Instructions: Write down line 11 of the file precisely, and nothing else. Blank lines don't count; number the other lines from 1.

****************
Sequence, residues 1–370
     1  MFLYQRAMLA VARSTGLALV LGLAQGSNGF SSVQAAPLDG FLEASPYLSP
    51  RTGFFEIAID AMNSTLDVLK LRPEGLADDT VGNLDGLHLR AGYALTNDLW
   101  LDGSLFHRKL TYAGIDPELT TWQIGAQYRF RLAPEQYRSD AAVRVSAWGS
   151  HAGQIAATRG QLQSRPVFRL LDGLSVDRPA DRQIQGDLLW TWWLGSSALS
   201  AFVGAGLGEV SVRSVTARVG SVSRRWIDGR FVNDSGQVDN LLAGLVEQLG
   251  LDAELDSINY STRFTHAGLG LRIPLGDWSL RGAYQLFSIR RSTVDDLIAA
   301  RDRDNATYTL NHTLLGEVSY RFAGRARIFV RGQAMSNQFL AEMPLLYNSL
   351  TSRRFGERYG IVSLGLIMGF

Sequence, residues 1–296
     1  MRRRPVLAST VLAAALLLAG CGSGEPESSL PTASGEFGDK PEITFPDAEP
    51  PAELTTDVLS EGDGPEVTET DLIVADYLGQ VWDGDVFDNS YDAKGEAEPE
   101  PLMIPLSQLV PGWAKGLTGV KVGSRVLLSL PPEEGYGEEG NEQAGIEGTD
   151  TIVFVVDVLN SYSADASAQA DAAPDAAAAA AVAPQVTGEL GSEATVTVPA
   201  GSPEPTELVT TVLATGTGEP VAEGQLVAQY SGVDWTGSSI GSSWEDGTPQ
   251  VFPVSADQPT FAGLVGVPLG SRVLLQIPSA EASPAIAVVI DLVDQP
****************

     1  MRRRPVLAST VLAAALLLAG CGSGEPESSL PTASGEFGDK PEITFPDAEP